181828036

181828036

Cape Canaveral, Florida, September 8, 1969 - Ground-level view at Launch Complex 39, Kennedy Space Center, showing the Apollo 12 (Spacecraft 108/ Lunar Module 6/ Saturn 507) space vehicle on the way from the Vehicle Assembly Building to the launch pad. The Saturn V stack and its mobile launch tower are atop a huge crawler-transporter. The Launch Complex 39 service structure is on the right. Apollo 12 is scheduled as the second lunar landing mission.

Photo by: Stocktrek Images

Stocktrek Images

Apollo 12: Return of the Astronaut

Apollo 12, the second manned mission to land on the Moon was anything but predictable. Here’s a look back at what happened 50 years ago today.

November 14, 1969 — humankind sets course for the moon — for the second time. Just four months after Neil Armstrong took a giant leap for mankind, Apollo 12 lifted off from Cape Kennedy, Florida. The operation was led by Mission Commander Charles “Pete” Conrad Jr., who was ascending into space for the 3rd time, after flying on Gemini 5 in 1965 and Gemini 11 in 1966. His command module Pilot was commander Richard Francis “Dick” Gordon Jr., who had also flown on Gemini 11, and lastly the Lunar Module Pilot, Commander Alan LaVern Bean. The crew sat aboard a Saturn V launcher. At the nose of the massive rocket was the LM (Landing Module) Intrepid that sat inside of, and would later be undocked from, the CSM (Control Service Module) Yankee Clipper.

The Apollo 12 mission was destined to be different. Following the success of Apollo 11, 12’s original mission of a backup landing was negated — allowing the mission to pursue much more ambitious goals. The primary focus of 11, was, of course, to put a human on the moon. Once that was accomplished the mission was chalked up to a success. 12’s goals were a little more investigative. The mission sought to become the first real manned exploration mission to the Moon.

The Goals of Apollo 12

  • Test a more accurate landing technique
  • Go farther from the lunar base
  • Collect more geological samples
  • Make a stereo and multi-spectral surface photography survey
  • Set up a nuclear-powered Apollo Lunar Surface Experiments Package (ALSEP)
  • Explore rugged/mountainous regions of the Moon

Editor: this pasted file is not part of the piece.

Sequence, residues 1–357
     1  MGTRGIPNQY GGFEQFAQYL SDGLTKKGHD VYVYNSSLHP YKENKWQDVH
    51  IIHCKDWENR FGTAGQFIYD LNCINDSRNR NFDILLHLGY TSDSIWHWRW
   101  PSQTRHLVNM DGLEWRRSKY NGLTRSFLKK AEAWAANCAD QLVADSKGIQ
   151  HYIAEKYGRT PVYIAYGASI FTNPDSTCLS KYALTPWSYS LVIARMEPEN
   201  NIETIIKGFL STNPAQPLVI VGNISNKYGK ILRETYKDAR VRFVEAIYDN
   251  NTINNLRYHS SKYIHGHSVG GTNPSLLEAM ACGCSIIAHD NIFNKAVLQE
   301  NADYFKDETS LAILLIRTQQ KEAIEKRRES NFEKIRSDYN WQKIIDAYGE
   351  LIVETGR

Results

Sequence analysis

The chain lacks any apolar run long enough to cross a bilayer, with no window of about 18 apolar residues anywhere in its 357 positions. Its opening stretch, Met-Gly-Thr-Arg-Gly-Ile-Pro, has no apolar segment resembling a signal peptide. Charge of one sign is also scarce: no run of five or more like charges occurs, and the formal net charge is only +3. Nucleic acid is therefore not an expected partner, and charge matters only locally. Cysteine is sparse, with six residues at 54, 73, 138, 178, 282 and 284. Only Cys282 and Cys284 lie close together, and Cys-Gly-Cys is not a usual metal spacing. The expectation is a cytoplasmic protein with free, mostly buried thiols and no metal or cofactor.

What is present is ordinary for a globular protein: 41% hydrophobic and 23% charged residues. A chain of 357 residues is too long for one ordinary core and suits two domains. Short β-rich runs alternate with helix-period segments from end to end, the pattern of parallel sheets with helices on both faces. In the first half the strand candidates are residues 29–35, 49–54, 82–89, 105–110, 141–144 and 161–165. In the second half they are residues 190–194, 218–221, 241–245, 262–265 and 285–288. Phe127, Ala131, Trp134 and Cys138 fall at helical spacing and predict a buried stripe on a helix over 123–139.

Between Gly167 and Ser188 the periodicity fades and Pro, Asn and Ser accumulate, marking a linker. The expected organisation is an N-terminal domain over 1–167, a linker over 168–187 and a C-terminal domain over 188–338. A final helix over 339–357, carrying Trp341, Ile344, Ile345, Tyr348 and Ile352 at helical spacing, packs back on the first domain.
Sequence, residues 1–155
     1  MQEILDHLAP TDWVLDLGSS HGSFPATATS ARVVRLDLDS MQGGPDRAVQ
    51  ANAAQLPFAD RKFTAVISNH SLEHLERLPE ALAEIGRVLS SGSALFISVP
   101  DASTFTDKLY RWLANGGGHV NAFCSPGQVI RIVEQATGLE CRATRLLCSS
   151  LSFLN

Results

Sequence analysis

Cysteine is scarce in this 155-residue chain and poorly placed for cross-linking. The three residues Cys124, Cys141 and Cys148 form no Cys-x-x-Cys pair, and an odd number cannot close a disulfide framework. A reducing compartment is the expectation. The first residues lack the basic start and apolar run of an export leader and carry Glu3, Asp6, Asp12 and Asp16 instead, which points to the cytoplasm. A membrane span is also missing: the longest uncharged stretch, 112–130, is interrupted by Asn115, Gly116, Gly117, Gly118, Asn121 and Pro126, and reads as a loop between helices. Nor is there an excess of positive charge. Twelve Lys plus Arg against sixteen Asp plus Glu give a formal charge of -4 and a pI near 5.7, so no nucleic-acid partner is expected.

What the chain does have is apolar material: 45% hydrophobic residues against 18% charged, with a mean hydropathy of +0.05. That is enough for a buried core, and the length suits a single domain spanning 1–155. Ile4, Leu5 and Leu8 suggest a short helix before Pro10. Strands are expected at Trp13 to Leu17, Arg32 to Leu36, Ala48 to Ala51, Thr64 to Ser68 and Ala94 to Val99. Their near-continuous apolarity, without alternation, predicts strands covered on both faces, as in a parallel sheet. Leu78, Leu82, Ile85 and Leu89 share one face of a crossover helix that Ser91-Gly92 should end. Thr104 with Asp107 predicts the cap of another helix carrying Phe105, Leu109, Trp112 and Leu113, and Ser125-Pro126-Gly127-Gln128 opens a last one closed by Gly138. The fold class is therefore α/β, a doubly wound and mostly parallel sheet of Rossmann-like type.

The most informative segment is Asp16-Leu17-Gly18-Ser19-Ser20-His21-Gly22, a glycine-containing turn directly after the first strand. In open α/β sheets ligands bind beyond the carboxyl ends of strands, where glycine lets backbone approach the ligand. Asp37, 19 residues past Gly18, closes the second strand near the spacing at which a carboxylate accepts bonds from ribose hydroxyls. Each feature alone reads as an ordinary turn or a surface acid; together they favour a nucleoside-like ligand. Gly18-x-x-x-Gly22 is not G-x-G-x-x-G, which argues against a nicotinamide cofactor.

Lightning Strikes Twice

November 14, 1969, did not have ideal conditions for launch. A descending cold front brought overcast skies and rain. 36.5 seconds after the Saturn V rocket lifted off lighting struck. While the Saturn V rocket was unaffected, but the health of the Command Service Module (CSM) was concerning. The safety circuits in the CSM shutdown the three fuel cells that powered the spacecraft. This left the CSM on batteries only. Every warning light on the control panel lit up, the voltage dropped, and telemetry to Mission Control was interrupted. The mission faced an abort decision.

Then, 52 seconds after the Saturn V lifted off, the second lightning bolt struck. This knocked out the “8-ball” attitude indicator on the main control pane — this displays to the crew the attitude in space, angular velocity (rate) and attitude error of the spacecraft.

This could have been the end of the mission if it hadn’t been for John Aaron, the Electrical, Environmental, and Consumables Manager. John Aaron recalled a similar telemetry failure during a ground test and promptly told the flight director “Flight, EECOM. Try SCE to Aux”. What Aaron meant by this was essentially a turn it off — turn it on again fix. Sure enough, the fuel cells came back online and the mission was saved.

Guess Who’s Back?

November 19, 1969, The Intrepid lander undocks from the Yankee Clipper and began its descent to the lunar surface. Oceanus Procellarum (Ocean of Storms) was the site chosen to test a new method for making precision landings. While Apollo needed a flat, wide, elliptical area to land; the Apollo 12 would try to land within several hundred yards of a given location.

Several hours after landing, Conrad and Bean stepped out of the Intrepid and onto the lunar surface — becoming the third and fourth human beings to set foot on the Moon. Conrad showed his sense of humor as he walked down the ladder to set foot on the moon. "Whoopie! Man, that may have been a small one for Neil, but that's a long one for me." (Conrad was quite a bit shorter than Armstrong.)

By missions’ end, Conrad and Bean had spent seven hours and 45 minutes on the lunar surface. They collected 75.73 lb. of samples and had gone as far as 1,350 feet from the LM.

Home Sweet Home

Once the crew returned to the Yankee Clipper, they remained in lunar orbit for an extra day — taking additional photos and examining the Moon’s surface for future landing sites. On November 21, 1969, after completing 45 orbits and spending 88 hours and 58 minutes in space, the CSM turned engines on and Apollo 12 began its’ journey back to Earth.

November 24, 1969, The Yankee Clipper reentered Earth’s atmosphere. However, this return home was anything but predictable. Mission Control stood nervously on the ground, suspecting that the two bolts of lightning may have damaged the explosive bolts that were to deploy the parachutes. Since there was nothing that could be done, the decision was made not to inform the astronauts.

The parachutes did indeed work properly and the Command Module landed in the South Pacific Ocean. An hour after splashdown the crew was picked up by US Navy divers and were subsequently flown by helicopter to the carrier USS Hornet. The astronauts were immediately placed in the mobile quarantine facility, where they awaited a flight to the Lunar Receiving Laboratory in Houston, Texas.

And just like that, after 10 days, four hours, and 36 minutes, the Astronauts of Apollo 12 had safely returned home.

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